Woman’s hour interviewed two literary commentators this week and part of the discussion was whether or not you were a “Scarlett O’Hara from Gone With the Wind” type woman or a “Mrs M. deWinter (the second) from Rebecca by Daphne du Maurier” woman. I did a quiz on what sort of literary character I was and was dismayed to discover that I am Rebecca from Ivanhoe, dismayed because I haven’t read Ivanhoe, but now feel that I must.
I have been a second Mrs De Winter character and didn’t like it very much at all. I went out with a man who had the name of his ex-girlfriend tattooed on his back and only wanted to have sex with me if I had been swimming, (she was captain of the university swim team) in total darkness, whilst listening to a CD she gave him. Don’t worry reader, I got my own back on him eventually.
Being in the shadow of the eponymous Rebecca was no fun for the woman who doesn’t even have a first name in the book and it is no fun in real life. It seemed a strange debate that either you are Scarlett, fabulous and flawed or a meek little mouse like Mrs de Winter. Where are all the great women of fiction? I was disappointed that the only option was these two books both written before the Second World War.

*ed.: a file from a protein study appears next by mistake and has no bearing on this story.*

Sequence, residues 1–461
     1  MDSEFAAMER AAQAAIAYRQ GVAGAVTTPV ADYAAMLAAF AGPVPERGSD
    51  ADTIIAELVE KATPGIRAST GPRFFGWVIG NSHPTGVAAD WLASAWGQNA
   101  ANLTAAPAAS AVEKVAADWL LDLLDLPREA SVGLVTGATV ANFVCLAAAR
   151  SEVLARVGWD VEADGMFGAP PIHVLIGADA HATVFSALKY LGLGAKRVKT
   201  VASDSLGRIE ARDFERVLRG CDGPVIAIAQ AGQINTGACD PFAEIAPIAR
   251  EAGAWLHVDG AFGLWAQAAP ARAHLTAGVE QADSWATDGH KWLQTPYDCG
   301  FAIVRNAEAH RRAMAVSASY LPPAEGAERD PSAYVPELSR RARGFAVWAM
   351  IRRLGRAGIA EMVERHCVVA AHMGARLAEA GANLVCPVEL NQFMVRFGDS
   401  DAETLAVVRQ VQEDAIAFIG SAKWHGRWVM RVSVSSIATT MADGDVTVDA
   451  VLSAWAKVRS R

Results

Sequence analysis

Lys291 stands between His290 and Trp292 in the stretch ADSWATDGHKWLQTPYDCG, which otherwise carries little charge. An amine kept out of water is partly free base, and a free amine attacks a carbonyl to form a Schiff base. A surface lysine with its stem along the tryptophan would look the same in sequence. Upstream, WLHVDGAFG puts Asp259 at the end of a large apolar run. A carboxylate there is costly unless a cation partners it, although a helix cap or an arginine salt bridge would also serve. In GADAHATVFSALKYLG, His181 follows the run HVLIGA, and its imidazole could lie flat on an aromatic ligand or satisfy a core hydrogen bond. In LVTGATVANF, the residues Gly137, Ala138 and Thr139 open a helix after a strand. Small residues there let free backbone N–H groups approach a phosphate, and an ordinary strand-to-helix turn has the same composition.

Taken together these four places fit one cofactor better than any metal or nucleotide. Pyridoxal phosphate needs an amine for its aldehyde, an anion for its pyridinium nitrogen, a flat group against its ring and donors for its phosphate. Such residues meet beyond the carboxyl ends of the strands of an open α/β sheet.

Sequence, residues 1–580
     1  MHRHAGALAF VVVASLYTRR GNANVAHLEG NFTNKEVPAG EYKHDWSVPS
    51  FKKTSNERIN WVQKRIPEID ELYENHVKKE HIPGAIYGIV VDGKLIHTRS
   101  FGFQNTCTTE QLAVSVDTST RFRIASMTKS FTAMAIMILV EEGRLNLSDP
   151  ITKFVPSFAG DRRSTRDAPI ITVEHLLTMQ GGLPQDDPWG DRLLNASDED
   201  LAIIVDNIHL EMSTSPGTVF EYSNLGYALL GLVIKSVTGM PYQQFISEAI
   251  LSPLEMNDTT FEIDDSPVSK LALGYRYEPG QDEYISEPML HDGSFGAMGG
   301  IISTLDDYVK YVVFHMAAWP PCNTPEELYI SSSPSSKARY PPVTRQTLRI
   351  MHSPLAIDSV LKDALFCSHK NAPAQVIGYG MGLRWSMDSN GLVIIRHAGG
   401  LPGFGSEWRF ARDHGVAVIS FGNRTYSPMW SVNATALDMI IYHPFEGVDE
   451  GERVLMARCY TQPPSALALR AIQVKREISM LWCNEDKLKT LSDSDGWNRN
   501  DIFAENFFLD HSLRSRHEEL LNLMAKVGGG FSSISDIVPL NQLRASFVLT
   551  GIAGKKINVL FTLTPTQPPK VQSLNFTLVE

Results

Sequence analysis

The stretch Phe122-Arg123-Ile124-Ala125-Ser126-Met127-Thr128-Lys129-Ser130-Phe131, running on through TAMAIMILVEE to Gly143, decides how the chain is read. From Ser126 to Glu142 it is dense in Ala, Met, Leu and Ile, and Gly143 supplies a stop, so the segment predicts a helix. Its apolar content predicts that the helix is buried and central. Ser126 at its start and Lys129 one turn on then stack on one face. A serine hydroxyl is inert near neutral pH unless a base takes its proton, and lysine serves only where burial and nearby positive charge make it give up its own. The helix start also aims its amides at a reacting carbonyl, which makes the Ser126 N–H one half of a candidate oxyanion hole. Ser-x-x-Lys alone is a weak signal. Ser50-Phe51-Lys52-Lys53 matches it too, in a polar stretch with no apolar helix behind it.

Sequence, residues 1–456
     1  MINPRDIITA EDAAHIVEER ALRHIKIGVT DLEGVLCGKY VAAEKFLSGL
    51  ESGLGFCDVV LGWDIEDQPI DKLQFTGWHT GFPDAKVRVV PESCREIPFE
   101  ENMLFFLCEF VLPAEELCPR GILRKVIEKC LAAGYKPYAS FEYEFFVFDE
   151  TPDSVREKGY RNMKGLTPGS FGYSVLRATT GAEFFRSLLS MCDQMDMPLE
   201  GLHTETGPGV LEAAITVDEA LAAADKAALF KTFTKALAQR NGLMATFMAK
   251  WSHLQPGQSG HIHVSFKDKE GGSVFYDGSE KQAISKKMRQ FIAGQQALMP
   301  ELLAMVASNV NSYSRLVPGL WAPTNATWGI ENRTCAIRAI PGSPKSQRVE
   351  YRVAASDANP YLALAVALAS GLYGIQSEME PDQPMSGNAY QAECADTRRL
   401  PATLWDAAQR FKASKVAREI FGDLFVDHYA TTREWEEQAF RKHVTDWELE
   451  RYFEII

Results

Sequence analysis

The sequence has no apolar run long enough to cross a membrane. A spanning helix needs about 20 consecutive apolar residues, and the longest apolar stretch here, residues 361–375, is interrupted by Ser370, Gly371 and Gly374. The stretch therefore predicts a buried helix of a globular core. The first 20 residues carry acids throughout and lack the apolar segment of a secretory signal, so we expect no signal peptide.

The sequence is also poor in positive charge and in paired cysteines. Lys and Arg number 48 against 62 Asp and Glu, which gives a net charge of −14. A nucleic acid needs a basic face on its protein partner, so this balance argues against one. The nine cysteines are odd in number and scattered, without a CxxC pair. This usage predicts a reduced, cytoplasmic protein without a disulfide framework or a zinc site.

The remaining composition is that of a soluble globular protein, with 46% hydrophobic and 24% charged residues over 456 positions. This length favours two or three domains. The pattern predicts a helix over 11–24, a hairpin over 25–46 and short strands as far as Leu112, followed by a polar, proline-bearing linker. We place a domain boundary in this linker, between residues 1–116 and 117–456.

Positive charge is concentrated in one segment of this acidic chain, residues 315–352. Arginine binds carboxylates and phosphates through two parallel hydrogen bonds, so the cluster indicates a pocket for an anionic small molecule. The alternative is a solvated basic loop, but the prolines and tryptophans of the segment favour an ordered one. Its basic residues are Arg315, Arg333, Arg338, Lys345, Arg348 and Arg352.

It’s 75 years since Gone with the Wind was released in film form and I wonder if it is still watched or read by young women, I was made to watch it when I was about 13 and my grandmother and mother are big fans. Will I force it on my daughter? Probably not, but I would be keen for her to read Rebecca. The Hitchcock film of Rebecca is good but not true to the book, it was made more Hollywood acceptable with references to Rebecca’s promiscuity removed and her death changed to a sailing accident rather than murder.
Mad and bad or mad and sad?